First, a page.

According to Deloitte’s recently-published 2017 Outlook on US Health Care Providers, 2017 will be “full of both struggling and opportune transformations for health providers as they begin to feel the Medicare Access and CHIP Reauthorization Act of 2015’s (MACRA’s) reverberating impact and as technological innovation in healthcare evolves from reactionary to predictive.” U.S./Global Health Care Providers Leader, Mitch Morris, M.D., said, following the release of the outlook, “[Healthcare providers] are struggling with decreasing reimbursement, increasing costs, and a weak capital outlook…And at the same time, they see things ahead of them that are exciting, great opportunities to transform their business, but require investment.”
Morris, formerly senior vice president of health systems and CIO at Houston-based MD Anderson Cancer Center, where he was also a professor in gynecologic oncology and in health services research, has more than 30 years of healthcare experience in consulting, healthcare administration, research, technology, education, and clinical care. He recently spoke with Healthcare Informatics Managing Editor Rajiv Leventhal about the Deloitte report’s biggest takeaways, the post-election healthcare landscape, and how the future of value-based care looks with the new administration at the helm. Below are excerpts of that interview.
What were some of your biggest takeaways from Deloitte’s healthcare outlook?
We started working on this prior to the election and completed it after. Some things are up in air and other things we are confident will move forward. One of the things we expect to see during this period of uncertainty, with questions regarding in which direction CMS [the Centers for Medicare & Medicaid Services] will go; the role of innovation; the [future of] the Centers for Medicare and Medicaid Innovation (CMMI); and insurance enrollment, is that If you are a health system, healthcare provider or large medical group, right now people are saying they better conserve their cash, not make major investments, and not take on debt. We do think that federal funding will diminish. We know that it will not go up, so it can only go down for Medicaid and for the subsidies on the insurance exchanges. The net impact of that can be additional slow pay, no pay, bad debt, and financial challenges for providers. I do think many health systems and others in the provider ecosystem are figuring out that they need to execute flawlessly have a cost structure that is as tight as can be while still providing high-quality care. As the Republican Congress moves forward with the repeal of the Affordable Care Act (ACA), the industry will begin to sense a direction and be successful in whatever direction that is.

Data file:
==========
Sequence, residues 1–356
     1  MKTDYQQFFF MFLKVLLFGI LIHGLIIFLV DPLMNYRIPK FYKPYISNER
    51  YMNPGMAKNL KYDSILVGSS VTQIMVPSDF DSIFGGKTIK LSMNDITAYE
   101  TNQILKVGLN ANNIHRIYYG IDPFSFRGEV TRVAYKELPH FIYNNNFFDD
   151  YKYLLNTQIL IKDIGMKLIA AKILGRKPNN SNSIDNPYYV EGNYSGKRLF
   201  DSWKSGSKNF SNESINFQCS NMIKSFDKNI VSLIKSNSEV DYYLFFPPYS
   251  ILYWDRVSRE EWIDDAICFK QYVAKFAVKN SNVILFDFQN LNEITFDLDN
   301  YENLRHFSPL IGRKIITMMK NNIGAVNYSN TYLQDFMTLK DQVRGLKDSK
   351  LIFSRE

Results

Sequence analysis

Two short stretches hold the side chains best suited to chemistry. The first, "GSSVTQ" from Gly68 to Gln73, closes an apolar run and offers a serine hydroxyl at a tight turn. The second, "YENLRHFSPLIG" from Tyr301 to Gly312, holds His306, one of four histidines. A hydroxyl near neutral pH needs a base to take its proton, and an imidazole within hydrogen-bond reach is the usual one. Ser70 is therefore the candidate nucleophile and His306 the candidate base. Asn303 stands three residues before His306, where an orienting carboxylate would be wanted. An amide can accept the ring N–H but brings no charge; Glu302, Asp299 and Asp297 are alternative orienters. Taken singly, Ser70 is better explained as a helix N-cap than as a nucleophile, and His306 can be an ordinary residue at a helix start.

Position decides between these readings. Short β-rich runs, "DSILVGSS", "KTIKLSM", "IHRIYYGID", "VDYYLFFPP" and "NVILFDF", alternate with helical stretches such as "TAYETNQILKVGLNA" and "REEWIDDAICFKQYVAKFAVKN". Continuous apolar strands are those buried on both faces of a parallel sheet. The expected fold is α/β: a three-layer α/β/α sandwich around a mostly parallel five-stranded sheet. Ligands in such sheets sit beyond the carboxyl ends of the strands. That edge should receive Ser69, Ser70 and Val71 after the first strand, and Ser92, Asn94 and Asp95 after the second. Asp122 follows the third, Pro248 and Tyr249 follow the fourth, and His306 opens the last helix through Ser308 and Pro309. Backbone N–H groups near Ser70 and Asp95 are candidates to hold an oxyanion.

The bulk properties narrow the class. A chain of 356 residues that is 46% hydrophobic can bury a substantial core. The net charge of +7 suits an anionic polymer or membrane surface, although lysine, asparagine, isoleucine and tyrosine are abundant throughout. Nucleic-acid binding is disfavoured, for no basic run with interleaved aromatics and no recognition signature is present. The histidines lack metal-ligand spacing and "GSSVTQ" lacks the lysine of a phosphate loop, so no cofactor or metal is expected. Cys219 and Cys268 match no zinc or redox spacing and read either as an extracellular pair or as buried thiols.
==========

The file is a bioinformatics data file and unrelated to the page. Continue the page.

Mitch Morris, M.D.
Since the post-election landscape leaves key regulatory areas facing significant uncertainty, as you mention, how do you see the future of value-based care playing out?
There are two big areas; one is MACRA legislation, which will push us in the direction of alternative payment models (APMs). And MACRA was thoroughly bipartisan. What we hear in the media is about opinions for or against the ACA, but what Congress is thinking about are the unsustainable [healthcare] costs. What can we agree on? MACRA was something we agreed on. So it should move forward. Tom Price [just-confirmed HHS Secretary] said back when he was Rep. Tom Price, that regulatory reporting is burdensome to physicians. His mindset, as publicly stated, is that nothing should come in between the doctor-patient relationship, as it’s not the role of the government. He has also come out against payment bundles for joint replacement despite studies showing that they lower cost and improve quality. Where will he stand on these issues now that he’s the guy on the line for the budget? No one really knows. If they dilute the reporting requirements for MACRA, that will also dilute the ability to stratify based on MIPS [Merit-Based Incentive Payment System] for example, and that might slow the rate of adoption of APMs. The MACRA legislation passing was transformational when you talk about how our health system functions. If the ACA is primarily about affordable access, MACRA is about measuring on quality, paying on quality and encouraging new payment models.
Regarding CMMI, we have heard differing reports about the likely trajectory of what this piece of the agency will be. Price has spoken in favor of innovation, but he has also expressed concerns about the path CMMI has taken. His comments referred to things that have come out of CMMI as being mandatory. From the Deloitte perspective, those health systems already invested in new payment models, bundles and ACOs [accountable care organizations] are still doing it, but the momentum has slowed down a little, and because people are uncertain, there is a reluctance to make new investments.
Get the latest information on Health IT and attend other valuable sessions at this two-day Summit providing healthcare leaders with educational content, insightful debate and dialogue on the future of healthcare and technology.